Rubicon Trail Round Table Meeting

A new effort is underway to hopefully find and implement solutions to the many issues facing the Rubicon Trail today.

The following information has just been released:

Come to a vision setting meeting to help craft a future Comprehensive Management Plan for the Rubicon Trail.

We would like to encourage enthusiasts, including nonprofits, landowners, business interests, clubs, local and statewide organizations, to come together and meet in partnership about how we can inject more input and opinions from stakeholders into the Rubicon management process.

The Rubicon Trail cuts across jurisdictional, geographical, and cultural boundaries and is the focus of several groups including dedicated and caring stakeholders. Considering the myriad of organizations and agencies who assist with planning, managing, and maintaining the Rubicon Trail, there is often confusion and lack of communication when it comes to actions taken on the trail.

The Rubicon is among the most famous OHV destination in the world. With opportunity come responsibilities. We must find ways to ensure the future of the trail in perpetuity and in an environmentally sound manner.

The meeting will be held at the Cal4 Wheel office, 8120 36th Ave Sacramento, Ca 95824. 5:00 PM February 13th, 2023. There will be Zoom available as well, but we encourage everyone to attend in person if possible. For Zoom info contact: granat.amy@gmail.com

I have high hopes for this new effort and will be attending.

I hope you can join the meeting

.

Doug


The Calm in the Middle of the Storm

As I write this, the Seirra Mountains are getting hammered with snow. Up to four feet is expected at the Tahoma trailhead.

If you go out to play, be safe, be prepared, don’t go alone, don’t go as a single vehicle, tell someone where you’re going.

Here’s what the trailhead looked like before this current storm started. 1-13-23

I want to thank everyone that has helped out to knock down previous snow walls put up by Placer County. Although the snow is back, by previously maintaining an access point, subsequent plowing efforts do not completely block access. Everyone knows where the trail starts.

The only traffic on the trail has been on foot. It will be some time before wheeled vehicles will be back on the trail.

I do find it funny that the hikers can’t stay on the trail. The trail is clearly defined by the snow stakes, yet the hikers needed to go around the sign and off the trail.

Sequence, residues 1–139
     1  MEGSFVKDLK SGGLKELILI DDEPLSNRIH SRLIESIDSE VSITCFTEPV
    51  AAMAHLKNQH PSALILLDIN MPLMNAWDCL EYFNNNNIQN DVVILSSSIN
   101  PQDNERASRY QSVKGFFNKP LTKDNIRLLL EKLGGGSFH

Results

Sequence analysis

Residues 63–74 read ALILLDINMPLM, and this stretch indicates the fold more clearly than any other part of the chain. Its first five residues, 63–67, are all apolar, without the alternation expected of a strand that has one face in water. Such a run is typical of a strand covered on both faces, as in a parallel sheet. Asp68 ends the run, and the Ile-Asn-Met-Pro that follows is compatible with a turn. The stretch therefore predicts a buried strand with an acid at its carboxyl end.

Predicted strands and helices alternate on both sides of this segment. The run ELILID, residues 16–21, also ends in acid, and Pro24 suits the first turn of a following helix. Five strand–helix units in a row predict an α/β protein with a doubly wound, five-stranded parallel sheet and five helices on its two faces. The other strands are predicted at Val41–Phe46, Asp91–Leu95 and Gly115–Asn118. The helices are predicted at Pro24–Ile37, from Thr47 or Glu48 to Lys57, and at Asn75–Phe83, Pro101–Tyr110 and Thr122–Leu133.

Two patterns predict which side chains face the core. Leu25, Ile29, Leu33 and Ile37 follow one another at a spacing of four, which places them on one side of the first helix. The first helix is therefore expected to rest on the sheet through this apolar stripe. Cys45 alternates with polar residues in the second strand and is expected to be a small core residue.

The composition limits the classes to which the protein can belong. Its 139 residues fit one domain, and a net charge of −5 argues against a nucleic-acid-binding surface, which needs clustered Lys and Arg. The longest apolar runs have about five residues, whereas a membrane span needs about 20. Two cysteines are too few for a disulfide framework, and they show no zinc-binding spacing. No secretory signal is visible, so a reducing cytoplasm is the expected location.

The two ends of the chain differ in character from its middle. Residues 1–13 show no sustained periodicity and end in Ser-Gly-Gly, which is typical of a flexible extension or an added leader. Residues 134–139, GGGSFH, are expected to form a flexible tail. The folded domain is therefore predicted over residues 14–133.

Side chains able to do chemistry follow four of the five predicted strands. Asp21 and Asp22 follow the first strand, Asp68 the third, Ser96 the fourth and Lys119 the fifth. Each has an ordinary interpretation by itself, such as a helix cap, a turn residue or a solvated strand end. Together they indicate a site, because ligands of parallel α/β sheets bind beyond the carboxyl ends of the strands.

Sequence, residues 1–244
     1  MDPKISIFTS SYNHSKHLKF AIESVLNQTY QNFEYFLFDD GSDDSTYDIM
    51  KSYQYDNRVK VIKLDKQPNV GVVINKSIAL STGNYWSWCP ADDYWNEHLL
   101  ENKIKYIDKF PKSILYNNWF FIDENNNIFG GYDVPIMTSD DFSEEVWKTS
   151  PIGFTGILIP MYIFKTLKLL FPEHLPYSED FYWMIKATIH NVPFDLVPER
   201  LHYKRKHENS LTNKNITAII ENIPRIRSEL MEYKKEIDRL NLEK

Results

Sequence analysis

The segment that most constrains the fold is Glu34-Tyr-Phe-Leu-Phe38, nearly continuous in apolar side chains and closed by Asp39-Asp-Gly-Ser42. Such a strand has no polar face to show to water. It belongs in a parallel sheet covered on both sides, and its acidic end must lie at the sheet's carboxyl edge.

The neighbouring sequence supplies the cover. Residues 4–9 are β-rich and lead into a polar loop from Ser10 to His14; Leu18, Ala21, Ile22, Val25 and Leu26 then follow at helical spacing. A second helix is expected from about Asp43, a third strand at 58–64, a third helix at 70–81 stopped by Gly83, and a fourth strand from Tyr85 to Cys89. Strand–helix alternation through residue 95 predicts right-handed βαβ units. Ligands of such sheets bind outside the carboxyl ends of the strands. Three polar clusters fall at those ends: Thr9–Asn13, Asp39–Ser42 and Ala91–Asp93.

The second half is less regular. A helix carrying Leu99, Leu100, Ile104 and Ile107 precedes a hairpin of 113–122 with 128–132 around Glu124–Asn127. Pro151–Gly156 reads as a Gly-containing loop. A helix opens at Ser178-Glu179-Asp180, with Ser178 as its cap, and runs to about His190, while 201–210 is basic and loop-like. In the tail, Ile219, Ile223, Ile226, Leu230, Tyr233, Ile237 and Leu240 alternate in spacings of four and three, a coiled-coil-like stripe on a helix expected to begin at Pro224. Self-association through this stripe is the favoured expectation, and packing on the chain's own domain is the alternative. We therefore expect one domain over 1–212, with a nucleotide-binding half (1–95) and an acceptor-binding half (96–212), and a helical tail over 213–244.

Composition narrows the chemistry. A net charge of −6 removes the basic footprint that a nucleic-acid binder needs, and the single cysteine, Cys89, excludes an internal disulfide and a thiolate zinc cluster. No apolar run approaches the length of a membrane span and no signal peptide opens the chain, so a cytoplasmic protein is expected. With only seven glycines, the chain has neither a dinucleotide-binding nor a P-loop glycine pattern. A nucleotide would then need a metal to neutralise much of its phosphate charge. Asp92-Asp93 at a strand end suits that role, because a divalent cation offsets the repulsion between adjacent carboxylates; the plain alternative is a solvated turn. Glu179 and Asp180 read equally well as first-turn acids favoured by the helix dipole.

Getting back to the big picture, it is clear that Placer County is still plowing a dip into the trailhead. Remember, the rotary will come by after the photo below was taken and create an even deeper dip. The dip piles more snow than would normally be piled by plowing.

My simple solution is to have Placer drive a slight convex route with the blade, be it a plow or grader, and then have the rotary come through and drive a slightly concave route. This would leave only natural snowfall at the actual trailhead.

I realize there are many issues facing the Rubicon Trail right now. I do not agree with many of the decisions made. Although we, as users, need to prioritize and fight as needed, we cannot let other issues fall between the cracks.

Unfortunately, there is no one place to stay up to date on the issues or status of the Rubicon Trail. There is not one governing agency. There are many OHV advocacy groups, but they don’t always communicate well with each other.

Management of the Rubicon Trail is a mess. The MOU signed by a half dozen agencies seems to be ignored as the LTBMU and the TNF do work on the trail without consulting others. Placer isn’t working with anyone. El Dorado Parks just got trumped by their own DOT. The users and volunteers are left in the dark. It’s chaos.

The Rubicon Trail needs its own website, with a ‘nothing but Rubicon’ forum. Any and all work to be performed needs to be posted. All legal documents (closures) need to be posted with a detailed explanation of why. All discussions need to be open for all to see. Maybe some forums where just the agencies can comment, but all can view, and others where users can comment and post questions. Public discussions before closures are made. Maintenance plans reviewed before work is started.

The website should be run by independent website builders, not a government agency, not an OHV advocacy group. A true neutral party. But I’m dreaming. I’m going to wake up and go shovel snow at my cabin.

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Rubicon Ronin


“Berm-away” Version 2.0

We came, we saw, we took it down.